Tuesday, June 19, 2012

New on DVD/Blu-ray: Cage x 2: GHOST RIDER: SPIRIT OF VENGEANCE (2012) and SEEKING JUSTICE (2012)

Though his star seems to be fading--those NATIONAL TREASURE movies weren't that long ago, folks--Nicolas Cage is as busy as ever, even if his films aren't quite doing the boffo business they once did.  Two of Cage's recent films have just been released on DVD and Blu-ray:  a sequel no one wanted (GHOST RIDER: SPIRIT OF VENGEANCE) and a suspense thriller no one saw (SEEKING JUSTICE). 

(US/United Arab Emirates, 2012)

GHOST RIDER was released in 2007 to critical derision and grossed $115 million despite audiences not really giving much of a shit about it.  Think about it.  Do you know anyone who really likes GHOST RIDER?  But yet, somehow, a sequel got the greenlight and some people were stoked about it.  Why?  Because the job was given to the team of Mark Neveldine & Brian Taylor, who somehow have a devoted fanboy following despite making exactly one good movie (2006's CRANK).  Perhaps people thought they'd bring that sense of CRANK insanity to the party, but instead, they brought their overbearing, headache-inducing CRANK: HIGH VOLTAGE attitude and coupled with a barely-there Cage, the results are deadening.  Cage's Johnny Blaze, the Ghost Rider, is in exile in Eastern Europe (to help explain the cost-cutting Romania locations), but gets pulled back into the fight against evil when the Devil (Ciarin Hinds) tries to abduct his spawn (Fergus Riordan) from his mortal mother (Violante Placido).  Groan-inducing humor (Cage to Placido: "You're the Devil's babymama") and CGI that's a notch above Asylum-level abound.  There's hardly a shot in this that doesn't utilize extensive CGI, and with Johnny Blaze frequently in skull-engulfed-in-flames Ghost Rider mode, Cage gets to take about half of the movie off.  Loaded with shaky-cam action and jittery, jumpy zooms, the dismal GHOST RIDER: SPIRIT OF VENGEANCE is a miserable experience, and had to look even worse in theaters in 3-D.   Cage's crazy act feels pretty phoned-in here, almost like he can't even find a reason for this film to exist, which typifies far too many of Cage's vehicles these days.  And on top of that, it wastes fine actors like Hinds, Idris Elba, and a great-to-see-him-again Christopher Lambert as the leader of a cabal of evil monks.  Budgeted at a wasteful, borderline-disgraceful $75 million, it grossed $51 million, which is what GHOST RIDER made in its first weekend back in 2007.  So whatever magic people were expecting from Neveldine/Taylor, it wasn't enough to make them care that much about going to see it once it opened.  And as it turned out, they weren't missing a thing as the admittedly awesome CRANK looks more like a fluke for Neveldine/Taylor with each passing year. (PG-13, 95 mins)

(US, 2012)

Given a limited release on 200 or so screens after two years on the shelf, SEEKING JUSTICE is often deliriously stupid, but it makes a world of difference when Cage is engaged with the material.    Cage is Will Gerard, a New Orleans high school English teacher whose wife Laura (January Jones) is brutally raped.  In the hospital, Will is approached by the mysterious Simon (Guy Pearce) who claims to know who the rapist is and will "take care of it" for Will...but he'll owe a favor when asked.  That night, the rapist is killed.  Six months later, Simon contacts Will and instructs him that he must kill a known pedophile and pornographer.  When Will refuses, Simon and his ever-present team of sinister-looking associates who seem to be anywhere in New Orleans at any given moment ("we're just a small group of concerned citizens," Simon explains), proceed to make his life very difficult.  Directed by veteran journeyman Roger Donaldson (1987's NO WAY OUT,  1995's SPECIES, and 2005's THE WORLD'S FASTEST INDIAN, among numerous others), SEEKING JUSTICE is the kind of dumb thriller that probably plays a lot better at home than in the theater.  It also seems to be aware of its own silliness, with countless contrivances and implausibilities and ridiculous signals (Pearce: "If you want us to take care of this for you, there's a vending machine outside the oncology department.  Go there and buy two Forever chocolate bars, but you have to buy them within the next hour and we'll know your answer is yes," or the ominous secret code that a job has been completed: "The hungry rabbit jumps").  It's also amusing seeing Cage, as a milquetoast Shakespeare teacher and chess player, suddenly turn into an action hero during a wild chase scene that finds him dodging semis, jumping concrete dividers, and essentially playing Frogger across a busy highway. And of course, as the film goes on and the twists pile up, Cage reaches into his bag of tricks and like a classic rocker saving all the fan-favorite hits for the end of the gig, starts making faces, shouting, screaming, frantically running around, freaking out, and basically Caging it up.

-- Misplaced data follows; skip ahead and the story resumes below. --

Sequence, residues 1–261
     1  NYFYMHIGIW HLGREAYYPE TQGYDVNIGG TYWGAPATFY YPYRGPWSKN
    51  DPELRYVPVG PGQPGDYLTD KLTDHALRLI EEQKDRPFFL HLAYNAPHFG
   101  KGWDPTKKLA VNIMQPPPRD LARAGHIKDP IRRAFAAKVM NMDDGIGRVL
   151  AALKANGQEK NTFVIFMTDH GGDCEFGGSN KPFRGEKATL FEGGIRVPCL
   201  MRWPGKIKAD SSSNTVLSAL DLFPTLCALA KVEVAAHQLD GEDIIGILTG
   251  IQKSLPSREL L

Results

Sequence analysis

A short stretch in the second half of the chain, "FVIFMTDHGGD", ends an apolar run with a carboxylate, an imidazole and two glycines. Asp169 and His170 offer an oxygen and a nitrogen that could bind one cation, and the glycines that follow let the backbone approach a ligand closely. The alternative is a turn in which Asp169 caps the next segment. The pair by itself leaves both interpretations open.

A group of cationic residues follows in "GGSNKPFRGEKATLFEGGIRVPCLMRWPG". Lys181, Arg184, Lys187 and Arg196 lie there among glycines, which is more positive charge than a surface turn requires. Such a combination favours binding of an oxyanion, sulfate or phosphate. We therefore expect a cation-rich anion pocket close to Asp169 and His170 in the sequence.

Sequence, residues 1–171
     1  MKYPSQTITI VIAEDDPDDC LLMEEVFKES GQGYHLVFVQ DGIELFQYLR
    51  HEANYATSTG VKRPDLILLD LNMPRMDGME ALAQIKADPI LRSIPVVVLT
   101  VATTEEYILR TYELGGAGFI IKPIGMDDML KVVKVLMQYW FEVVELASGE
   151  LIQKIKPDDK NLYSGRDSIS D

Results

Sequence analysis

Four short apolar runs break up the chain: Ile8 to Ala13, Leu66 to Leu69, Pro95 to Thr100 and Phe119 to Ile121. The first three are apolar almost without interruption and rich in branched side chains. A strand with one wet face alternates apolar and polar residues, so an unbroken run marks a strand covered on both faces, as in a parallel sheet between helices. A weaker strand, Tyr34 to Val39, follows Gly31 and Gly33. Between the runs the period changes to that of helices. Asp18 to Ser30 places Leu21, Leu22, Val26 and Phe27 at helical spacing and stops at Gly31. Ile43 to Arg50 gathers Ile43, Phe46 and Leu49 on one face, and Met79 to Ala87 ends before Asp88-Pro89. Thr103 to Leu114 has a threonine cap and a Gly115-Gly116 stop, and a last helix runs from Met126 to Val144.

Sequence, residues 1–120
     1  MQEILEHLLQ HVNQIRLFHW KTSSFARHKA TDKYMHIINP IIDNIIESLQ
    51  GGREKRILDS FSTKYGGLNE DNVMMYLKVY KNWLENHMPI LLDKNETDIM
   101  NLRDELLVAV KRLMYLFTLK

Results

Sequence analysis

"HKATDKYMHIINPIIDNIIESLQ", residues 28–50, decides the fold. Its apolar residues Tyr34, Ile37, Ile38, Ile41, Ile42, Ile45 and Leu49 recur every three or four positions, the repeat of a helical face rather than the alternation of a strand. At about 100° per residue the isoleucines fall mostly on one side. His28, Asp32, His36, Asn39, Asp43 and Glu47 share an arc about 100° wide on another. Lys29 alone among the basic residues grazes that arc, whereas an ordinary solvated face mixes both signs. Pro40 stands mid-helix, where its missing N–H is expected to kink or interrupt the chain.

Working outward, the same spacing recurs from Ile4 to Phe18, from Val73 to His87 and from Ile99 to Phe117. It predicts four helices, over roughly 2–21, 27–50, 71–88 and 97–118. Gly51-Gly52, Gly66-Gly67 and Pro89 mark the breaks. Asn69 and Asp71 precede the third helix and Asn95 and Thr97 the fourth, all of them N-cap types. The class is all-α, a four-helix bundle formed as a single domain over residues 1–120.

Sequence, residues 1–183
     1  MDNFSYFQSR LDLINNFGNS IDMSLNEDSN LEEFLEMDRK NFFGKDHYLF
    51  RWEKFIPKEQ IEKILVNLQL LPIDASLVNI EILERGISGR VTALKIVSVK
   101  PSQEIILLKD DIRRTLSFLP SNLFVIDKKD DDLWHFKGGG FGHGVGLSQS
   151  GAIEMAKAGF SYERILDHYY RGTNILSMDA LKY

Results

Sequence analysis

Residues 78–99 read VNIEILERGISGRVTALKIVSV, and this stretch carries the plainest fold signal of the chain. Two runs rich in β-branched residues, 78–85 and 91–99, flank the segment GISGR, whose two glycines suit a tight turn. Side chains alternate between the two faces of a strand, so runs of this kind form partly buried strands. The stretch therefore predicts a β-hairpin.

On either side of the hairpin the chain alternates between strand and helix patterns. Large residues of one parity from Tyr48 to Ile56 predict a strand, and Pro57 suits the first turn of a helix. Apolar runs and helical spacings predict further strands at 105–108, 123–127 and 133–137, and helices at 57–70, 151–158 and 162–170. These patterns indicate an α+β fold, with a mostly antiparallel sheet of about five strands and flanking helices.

Look, SEEKING JUSTICE is a dumb, dumb movie.  But it's also an enjoyable dumb movie, and fully illustrates the difference between Cage when he cares and when he doesn't (see GHOST RIDER: SPIRIT OF VENGEANCE.  Or better yet, don't).  Also with Harold Perrineau, Xander Berkeley, IronE Singleton (THE WALKING DEAD's T-Dog!), and, in her second frivolous, nothing supporting role in New On DVD/Blu-ray in the last three weeks, DEXTER's Jennifer Carpenter, who really should be getting better work. Tobey Maguire was one of the producers. (R, 105 mins)

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